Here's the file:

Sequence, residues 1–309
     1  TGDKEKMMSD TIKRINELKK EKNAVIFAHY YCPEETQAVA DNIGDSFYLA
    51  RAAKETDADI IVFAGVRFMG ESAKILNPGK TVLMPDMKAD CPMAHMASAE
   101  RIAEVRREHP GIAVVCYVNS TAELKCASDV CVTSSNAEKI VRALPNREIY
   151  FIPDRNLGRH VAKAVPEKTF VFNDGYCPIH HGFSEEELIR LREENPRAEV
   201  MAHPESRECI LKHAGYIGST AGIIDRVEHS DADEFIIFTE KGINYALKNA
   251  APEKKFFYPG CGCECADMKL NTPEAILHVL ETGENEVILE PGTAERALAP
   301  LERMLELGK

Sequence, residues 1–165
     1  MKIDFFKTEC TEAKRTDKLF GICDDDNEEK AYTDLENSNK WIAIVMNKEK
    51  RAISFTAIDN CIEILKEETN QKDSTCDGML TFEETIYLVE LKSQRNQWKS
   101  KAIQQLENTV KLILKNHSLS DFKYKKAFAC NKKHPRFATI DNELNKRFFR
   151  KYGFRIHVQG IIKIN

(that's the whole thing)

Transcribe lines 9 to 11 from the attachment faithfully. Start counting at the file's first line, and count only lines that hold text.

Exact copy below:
Sequence, residues 1–165
     1  MKIDFFKTEC TEAKRTDKLF GICDDDNEEK AYTDLENSNK WIAIVMNKEK
    51  RAISFTAIDN CIEILKEETN QKDSTCDGML TFEETIYLVE LKSQRNQWKS